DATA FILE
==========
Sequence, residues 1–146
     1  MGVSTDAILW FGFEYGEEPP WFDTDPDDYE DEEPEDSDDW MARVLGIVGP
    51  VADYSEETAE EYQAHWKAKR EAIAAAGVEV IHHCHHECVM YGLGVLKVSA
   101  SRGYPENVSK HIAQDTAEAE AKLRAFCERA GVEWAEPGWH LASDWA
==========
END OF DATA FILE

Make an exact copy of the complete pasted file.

Sequence, residues 1–146
     1  MGVSTDAILW FGFEYGEEPP WFDTDPDDYE DEEPEDSDDW MARVLGIVGP
    51  VADYSEETAE EYQAHWKAKR EAIAAAGVEV IHHCHHECVM YGLGVLKVSA
   101  SRGYPENVSK HIAQDTAEAE AKLRAFCERA GVEWAEPGWH LASDWA